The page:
At 10 p.m. on April 20, 2010, an explosion rocked the Deepwater Horizon oil well drilling off the coast of Louisiana, killing 11 workers and injuring 17 others. As flames engulfed the drilling rig platform, the blowout preventer, a device intended to stop the release of crude oil, failed to activate. Within days, a five-mile-long oil slick blackened the waters. In total, the collapse of the drilling platform leaked 206 million gallons of crude oil into the Gulf of Mexico, enough to fill over 279 Olympic-sized swimming pools, and made it the largest marine oil spill in U.S. history.
The combination of crude oil, millions of gallons of chemical dispersants used to clean up the spill and by-products from controlled burns to help remove surface oil released harmful pollutants into the air and sea. Eating contaminated seafood and breathing polluted air posed a potential threat to the health of people living in the U.S. Gulf Coast, communities that are particularly vulnerable to the impacts of the oil spill as they have faced historic health disparities, environmental health threats, such as poor air quality from industrial activity, and recurrent natural disasters.
To understand the impact of exposure to pollutants and other environmental stressors on communities, local data and community engagement are key, according to Dr. Maureen Lichtveld, dean of the Graduate School of Public Health at the University of Pittsburgh. As the Deepwater Horizon disaster unfolded, Lichtveld was at Tulane University and interested in studying the effects of the oil spill on pregnant women in coastal communities.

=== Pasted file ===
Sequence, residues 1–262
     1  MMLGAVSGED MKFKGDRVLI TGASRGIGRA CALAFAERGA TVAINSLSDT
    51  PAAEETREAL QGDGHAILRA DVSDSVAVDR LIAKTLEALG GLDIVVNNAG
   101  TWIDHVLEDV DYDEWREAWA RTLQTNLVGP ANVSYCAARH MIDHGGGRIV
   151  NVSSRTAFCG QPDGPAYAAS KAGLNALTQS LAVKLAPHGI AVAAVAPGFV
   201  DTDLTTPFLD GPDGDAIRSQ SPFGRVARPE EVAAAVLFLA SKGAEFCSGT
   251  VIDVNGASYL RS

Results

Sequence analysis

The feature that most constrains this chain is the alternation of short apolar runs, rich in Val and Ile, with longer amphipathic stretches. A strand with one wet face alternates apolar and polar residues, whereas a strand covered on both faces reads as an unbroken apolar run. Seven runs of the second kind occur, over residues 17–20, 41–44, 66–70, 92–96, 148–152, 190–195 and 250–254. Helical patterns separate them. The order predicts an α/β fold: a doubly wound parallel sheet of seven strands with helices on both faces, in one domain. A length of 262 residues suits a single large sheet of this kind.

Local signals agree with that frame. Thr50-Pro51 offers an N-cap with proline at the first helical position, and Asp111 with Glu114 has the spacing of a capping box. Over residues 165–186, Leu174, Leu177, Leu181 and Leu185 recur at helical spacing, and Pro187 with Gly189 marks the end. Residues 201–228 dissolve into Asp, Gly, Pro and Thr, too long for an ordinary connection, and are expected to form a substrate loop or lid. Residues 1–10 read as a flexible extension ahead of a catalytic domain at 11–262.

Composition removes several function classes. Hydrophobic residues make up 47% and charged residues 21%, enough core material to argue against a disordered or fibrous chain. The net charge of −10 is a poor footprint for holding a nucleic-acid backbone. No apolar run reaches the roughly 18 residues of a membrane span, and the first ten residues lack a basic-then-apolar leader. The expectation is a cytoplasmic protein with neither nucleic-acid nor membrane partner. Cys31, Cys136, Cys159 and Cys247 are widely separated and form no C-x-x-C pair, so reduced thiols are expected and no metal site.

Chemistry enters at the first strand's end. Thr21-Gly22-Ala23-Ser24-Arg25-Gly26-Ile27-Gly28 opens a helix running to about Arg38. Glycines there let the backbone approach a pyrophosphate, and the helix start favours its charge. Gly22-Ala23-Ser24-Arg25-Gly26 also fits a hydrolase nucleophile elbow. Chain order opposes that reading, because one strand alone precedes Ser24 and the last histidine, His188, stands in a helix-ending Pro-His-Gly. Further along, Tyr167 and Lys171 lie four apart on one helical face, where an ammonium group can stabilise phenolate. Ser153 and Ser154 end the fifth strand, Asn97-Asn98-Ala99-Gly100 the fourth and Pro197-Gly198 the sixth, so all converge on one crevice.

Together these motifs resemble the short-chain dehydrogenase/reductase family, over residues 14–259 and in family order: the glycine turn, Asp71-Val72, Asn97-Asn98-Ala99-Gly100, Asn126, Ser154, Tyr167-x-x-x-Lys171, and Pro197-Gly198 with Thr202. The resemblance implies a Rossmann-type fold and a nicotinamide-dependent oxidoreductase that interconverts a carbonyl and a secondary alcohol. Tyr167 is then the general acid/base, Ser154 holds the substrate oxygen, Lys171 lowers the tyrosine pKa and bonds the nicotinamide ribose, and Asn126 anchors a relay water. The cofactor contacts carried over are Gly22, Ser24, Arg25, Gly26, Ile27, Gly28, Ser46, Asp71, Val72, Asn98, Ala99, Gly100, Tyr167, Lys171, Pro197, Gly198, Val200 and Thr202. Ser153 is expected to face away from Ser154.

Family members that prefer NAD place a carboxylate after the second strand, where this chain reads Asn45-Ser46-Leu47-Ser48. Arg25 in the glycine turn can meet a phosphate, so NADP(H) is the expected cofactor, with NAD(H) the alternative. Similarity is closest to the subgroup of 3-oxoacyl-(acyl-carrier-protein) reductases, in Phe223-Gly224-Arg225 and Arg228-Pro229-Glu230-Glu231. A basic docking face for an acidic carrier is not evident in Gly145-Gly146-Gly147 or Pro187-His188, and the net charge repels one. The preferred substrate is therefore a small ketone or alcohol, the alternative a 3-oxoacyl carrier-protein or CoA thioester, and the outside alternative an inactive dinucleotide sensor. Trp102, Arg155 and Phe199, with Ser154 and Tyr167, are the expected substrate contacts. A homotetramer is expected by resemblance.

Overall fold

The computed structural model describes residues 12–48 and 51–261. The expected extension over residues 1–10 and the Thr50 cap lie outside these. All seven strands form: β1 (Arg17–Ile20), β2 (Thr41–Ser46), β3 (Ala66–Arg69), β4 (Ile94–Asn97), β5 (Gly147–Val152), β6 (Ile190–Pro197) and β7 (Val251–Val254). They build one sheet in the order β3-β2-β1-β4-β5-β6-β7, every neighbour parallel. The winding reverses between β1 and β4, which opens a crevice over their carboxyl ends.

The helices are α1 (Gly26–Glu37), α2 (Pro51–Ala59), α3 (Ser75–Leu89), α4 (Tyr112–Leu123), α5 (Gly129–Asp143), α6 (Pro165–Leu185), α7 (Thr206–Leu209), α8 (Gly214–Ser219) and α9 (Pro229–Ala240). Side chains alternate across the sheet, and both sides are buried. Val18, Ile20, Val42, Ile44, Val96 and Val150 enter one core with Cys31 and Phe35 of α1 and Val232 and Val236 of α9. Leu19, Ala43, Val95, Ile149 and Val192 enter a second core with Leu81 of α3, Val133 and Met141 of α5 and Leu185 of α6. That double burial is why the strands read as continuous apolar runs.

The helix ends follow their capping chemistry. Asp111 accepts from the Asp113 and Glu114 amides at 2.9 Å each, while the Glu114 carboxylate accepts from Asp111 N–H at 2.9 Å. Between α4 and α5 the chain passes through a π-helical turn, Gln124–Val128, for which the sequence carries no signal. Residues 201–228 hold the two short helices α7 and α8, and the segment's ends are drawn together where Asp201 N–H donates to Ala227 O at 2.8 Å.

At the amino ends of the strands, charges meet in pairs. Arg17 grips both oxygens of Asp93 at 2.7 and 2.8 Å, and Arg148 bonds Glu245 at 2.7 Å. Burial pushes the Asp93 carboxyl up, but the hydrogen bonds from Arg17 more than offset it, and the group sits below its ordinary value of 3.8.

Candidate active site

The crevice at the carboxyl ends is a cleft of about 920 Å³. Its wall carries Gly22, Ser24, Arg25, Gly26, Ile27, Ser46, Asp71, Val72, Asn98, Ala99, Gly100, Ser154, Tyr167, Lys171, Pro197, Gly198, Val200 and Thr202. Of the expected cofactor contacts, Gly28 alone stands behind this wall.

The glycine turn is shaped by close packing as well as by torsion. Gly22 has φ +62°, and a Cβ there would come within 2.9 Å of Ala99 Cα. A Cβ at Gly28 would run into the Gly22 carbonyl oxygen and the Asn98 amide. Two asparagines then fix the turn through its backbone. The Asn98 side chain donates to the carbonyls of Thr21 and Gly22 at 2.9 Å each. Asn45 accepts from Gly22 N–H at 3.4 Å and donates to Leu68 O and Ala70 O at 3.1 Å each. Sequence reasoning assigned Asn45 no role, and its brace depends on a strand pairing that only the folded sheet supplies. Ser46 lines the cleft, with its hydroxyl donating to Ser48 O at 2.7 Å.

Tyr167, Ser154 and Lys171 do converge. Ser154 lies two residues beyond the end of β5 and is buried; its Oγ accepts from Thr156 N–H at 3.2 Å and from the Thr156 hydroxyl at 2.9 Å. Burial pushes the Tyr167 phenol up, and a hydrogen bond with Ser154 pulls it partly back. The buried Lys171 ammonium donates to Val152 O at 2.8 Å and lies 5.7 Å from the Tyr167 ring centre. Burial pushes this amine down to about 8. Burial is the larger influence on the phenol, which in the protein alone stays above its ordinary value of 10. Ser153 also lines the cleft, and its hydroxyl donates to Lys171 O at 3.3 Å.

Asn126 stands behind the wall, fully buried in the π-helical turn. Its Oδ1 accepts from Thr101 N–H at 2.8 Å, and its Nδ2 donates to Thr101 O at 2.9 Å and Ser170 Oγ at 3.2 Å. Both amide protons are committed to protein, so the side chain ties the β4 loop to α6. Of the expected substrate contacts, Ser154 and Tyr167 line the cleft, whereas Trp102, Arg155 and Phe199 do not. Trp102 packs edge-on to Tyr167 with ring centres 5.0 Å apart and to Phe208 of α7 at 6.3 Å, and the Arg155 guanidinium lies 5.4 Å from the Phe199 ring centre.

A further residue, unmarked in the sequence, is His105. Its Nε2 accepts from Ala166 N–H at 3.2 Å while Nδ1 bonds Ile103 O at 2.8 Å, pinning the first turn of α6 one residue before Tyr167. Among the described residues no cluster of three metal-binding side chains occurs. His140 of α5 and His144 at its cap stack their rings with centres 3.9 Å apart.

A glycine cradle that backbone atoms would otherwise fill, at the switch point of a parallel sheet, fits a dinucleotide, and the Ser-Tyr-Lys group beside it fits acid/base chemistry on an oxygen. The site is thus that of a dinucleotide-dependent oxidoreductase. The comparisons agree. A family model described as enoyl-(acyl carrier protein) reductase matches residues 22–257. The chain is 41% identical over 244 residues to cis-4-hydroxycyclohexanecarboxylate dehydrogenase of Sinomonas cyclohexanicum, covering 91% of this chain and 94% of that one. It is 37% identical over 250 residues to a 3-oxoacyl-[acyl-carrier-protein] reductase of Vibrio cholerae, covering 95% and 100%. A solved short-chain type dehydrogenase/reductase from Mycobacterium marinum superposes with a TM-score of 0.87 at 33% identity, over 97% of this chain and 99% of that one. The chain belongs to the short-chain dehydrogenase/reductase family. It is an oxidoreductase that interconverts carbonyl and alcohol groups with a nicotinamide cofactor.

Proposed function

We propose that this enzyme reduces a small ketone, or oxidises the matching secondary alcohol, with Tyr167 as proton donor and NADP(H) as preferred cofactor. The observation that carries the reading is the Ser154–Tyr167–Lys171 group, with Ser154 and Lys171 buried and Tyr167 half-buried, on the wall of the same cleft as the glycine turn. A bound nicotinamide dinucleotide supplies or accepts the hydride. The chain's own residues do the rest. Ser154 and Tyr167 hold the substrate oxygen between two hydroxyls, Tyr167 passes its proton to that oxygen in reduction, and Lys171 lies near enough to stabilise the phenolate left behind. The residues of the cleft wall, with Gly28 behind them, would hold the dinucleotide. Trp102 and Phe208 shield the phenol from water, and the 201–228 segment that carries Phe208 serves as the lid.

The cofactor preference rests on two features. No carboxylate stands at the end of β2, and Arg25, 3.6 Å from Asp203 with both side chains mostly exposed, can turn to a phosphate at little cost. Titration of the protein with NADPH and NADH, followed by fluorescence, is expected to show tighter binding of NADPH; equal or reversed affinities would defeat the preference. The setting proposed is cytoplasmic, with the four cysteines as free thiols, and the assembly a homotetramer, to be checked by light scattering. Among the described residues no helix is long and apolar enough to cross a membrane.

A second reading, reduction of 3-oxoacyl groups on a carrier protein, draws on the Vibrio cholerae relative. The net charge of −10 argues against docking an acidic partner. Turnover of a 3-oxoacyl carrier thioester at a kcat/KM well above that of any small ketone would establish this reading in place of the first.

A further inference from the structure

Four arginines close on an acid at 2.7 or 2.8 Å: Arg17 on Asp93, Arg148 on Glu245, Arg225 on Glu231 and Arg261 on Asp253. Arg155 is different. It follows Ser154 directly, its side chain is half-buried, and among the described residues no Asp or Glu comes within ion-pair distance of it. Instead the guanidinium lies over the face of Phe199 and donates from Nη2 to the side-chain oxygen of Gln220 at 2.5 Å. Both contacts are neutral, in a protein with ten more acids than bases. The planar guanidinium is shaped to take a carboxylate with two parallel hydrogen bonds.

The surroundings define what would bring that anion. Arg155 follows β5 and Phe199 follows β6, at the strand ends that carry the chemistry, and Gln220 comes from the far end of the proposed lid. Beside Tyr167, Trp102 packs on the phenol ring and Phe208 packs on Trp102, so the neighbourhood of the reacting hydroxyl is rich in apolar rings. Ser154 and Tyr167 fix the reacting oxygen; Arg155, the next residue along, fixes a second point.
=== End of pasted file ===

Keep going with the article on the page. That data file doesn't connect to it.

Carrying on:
“Women’s health is inextricably linked to the health of children and the next generation,” she explained in a keynote address at the recent 2021 Magee-Womens Summit. “Pregnancy is a unique window of susceptibility where exposures to environmental stressors can impact the long-term health of both mother and child.”
By bringing community partners into the research process via a community-based participatory method, Lichtveld was able to better understand the challenges faced by pregnant and reproductive-age women in Gulf Coast communities in the aftermath of the oil spill.
Following the Deepwater Horizon disaster, many pregnant women were fearful about the safety of local seafood, so they switched from eating healthy fatty acid-containing proteins like fish to less nutritious options, such as beef, or began to eat imported fish that Lichtveld’s research found were actually more contaminated than locally caught options. Translating their findings about seafood safety through community collaborative approaches was vital for helping these women make informed health and diet decisions. These community partnerships found success by considering cultural factors and addressing gaps in communication.
“If we look at where we need to go for future research, there must be emphasis on conducting longitudinal environmental studies that take into account multiple ethnicities, cultural dietary traditions and potential protective factors in the environment. From a practice perspective, there is no intervention we can do without locally trained community health workers,” said Lichtveld.
For women in Gulf Coast communities, the experience of multiple disasters, coupled with income loss after the spill disrupted the fishing industry, increased rates of depression and post-traumatic stress disorder. To address these mental health concerns, Lichtveld and her team turned to community health workers to forge connections between health systems and pregnant women. This program helped increase adherence to prenatal care, improved accessibility of health services and provided resources to withstand and recover from future disasters.
Currently, Lichtveld and her team are employing their community-based approach to assess the influence of prenatal exposure to mercury and pesticides on maternal health and birth outcomes in Suriname in South America. Based on her experiences in Louisiana and Suriname, Lichtveld noted that studies incorporating local data and community participation can create long-lasting community-academic partnerships that will improve the quality of future public health research and policy.
Dana Smith is a Ph.D. candidate in the Psychiatry Department at the University of Pittsburgh. She is participating in the UPMC Science Writing Mentorship Program.